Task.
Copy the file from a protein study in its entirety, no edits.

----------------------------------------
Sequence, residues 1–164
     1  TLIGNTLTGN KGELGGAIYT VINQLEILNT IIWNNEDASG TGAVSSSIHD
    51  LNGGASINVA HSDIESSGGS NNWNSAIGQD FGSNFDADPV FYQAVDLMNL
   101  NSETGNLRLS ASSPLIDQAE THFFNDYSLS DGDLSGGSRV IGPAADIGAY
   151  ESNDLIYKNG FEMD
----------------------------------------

Sequence, residues 1–164
     1  TLIGNTLTGN KGELGGAIYT VINQLEILNT IIWNNEDASG TGAVSSSIHD
    51  LNGGASINVA HSDIESSGGS NNWNSAIGQD FGSNFDADPV FYQAVDLMNL
   101  NSETGNLRLS ASSPLIDQAE THFFNDYSLS DGDLSGGSRV IGPAADIGAY
   151  ESNDLIYKNG FEMD